As defined in the study, CRADAs were established under the Federal T2 Act of 1986 in order to authorize federal labs’ R&D collaborations with the private, academic, and nonprofit sectors. CRADAs are structurally different from contracts, grants, or other procurement methods and also provide an environment where information, technology, and resources can be shared between parties. This technology acquisition method has reduced the total cost of technology development within the Department of Defense (DoD). (We reported on the initial review process fueling this TechLink study last November.)

The full TechLink study can be read here.

Agencies Move to Secure the Infrastructure of the Internet of Things

The DOE’s office of cybersecurity, energy security, and emergency response (CESER) was authorized in June 2018 to manage the energy grid as it pertains to the national risk mission. Better explained by CESER’s assistant secretary Karen Evans, CESER aims to “protect American energy viability today, while proactively addressing emerging energy threats of the future.”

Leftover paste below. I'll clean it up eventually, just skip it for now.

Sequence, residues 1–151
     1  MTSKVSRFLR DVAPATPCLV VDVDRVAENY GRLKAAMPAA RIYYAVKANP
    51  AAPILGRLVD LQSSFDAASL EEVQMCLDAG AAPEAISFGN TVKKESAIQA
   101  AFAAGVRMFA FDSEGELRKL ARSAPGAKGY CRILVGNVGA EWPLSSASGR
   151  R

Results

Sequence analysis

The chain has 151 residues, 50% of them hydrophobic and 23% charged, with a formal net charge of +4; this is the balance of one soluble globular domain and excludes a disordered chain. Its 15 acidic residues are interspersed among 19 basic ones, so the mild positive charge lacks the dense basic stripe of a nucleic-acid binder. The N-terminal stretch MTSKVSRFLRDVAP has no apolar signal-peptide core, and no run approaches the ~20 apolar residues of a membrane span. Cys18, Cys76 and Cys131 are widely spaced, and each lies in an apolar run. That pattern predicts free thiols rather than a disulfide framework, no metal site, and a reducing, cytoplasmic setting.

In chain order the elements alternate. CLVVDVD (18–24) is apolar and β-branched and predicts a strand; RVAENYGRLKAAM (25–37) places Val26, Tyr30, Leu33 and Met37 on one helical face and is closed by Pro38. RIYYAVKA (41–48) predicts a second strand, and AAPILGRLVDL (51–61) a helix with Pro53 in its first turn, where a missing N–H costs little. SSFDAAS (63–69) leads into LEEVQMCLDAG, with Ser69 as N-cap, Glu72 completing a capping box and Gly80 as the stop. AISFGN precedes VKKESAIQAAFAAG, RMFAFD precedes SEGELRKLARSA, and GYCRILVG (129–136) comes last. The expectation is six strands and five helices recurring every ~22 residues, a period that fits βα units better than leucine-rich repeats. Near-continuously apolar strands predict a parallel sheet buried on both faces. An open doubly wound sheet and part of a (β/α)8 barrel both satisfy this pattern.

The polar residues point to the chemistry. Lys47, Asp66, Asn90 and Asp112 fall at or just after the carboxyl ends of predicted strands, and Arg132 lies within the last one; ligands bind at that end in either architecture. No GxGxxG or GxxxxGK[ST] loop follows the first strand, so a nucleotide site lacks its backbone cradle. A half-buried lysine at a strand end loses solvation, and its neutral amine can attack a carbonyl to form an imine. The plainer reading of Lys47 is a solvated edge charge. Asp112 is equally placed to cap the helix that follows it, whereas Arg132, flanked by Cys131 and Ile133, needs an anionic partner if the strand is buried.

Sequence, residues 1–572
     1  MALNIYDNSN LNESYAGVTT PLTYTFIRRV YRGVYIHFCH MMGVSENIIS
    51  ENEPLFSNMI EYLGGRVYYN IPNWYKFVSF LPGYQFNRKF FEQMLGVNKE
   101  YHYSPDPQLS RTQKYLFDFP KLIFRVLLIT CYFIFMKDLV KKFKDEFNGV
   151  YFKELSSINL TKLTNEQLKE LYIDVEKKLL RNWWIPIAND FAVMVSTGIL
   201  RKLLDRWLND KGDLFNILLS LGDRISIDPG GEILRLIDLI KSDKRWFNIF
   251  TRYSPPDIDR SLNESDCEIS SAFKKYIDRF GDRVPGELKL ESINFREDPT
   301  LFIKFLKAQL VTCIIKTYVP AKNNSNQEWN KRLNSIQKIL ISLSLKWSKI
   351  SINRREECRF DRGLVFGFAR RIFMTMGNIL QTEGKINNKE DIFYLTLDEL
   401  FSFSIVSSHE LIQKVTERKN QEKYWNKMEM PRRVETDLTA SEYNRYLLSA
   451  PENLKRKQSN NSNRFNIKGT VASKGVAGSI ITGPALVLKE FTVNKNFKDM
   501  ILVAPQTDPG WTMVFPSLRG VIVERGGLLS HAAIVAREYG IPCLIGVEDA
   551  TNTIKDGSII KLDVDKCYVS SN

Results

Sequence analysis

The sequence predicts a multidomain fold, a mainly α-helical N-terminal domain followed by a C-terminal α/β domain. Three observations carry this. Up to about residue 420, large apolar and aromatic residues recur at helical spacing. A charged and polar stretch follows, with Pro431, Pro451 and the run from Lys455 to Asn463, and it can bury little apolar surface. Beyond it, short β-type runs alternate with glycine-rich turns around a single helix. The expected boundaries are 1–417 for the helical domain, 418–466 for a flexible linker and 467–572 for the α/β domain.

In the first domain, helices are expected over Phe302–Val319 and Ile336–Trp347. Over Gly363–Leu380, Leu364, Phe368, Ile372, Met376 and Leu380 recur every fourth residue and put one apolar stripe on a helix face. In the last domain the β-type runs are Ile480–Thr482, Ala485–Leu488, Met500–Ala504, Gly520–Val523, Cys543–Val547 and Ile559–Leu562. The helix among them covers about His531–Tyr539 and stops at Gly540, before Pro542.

Recent cybersecurity news of concern has revolved around the internet of things (IoT). This March, Congress reintroduced the IoT Cyber Security Improvement Act, which sought to govern IoT devices under NIST recommendations and safeguards for this technology and require IoT technology vendors to report any security vulnerabilities as they are discovered. A similar bill, the SMART IoT Act, passed by the House in December 2018 further emphasizes federal accountability of IoT vendors, with the Department of Commerce reviewing the production of such devices.

CESER and other IoT-savvy agencies, including the State Department and the U.S. Department of Agriculture (USDA), had a presence at the recent World Wide IoT Industry Day to platform their security concerns. Evans and State energy advisor Landon Van Dyke remain concerned that IoT devices, such as solar panels and electric vehicles, can be embedded with exploits and other harmful technology that pose a direct threat to the American energy grid. “We have over 26,000 buildings around the world and all of those we need to figure out how to monitor and make more efficient, optimize and protect,” Van Dyke said. “That’s basically where the IoT networks started to really expand as we recognized that our footprint around the world needed better protection and better information.”

As neither Act has passed Congress, IoT is a technology that’s only continued to proliferate without much government regulation. More on this as additional talks ensue.

DC Dispatch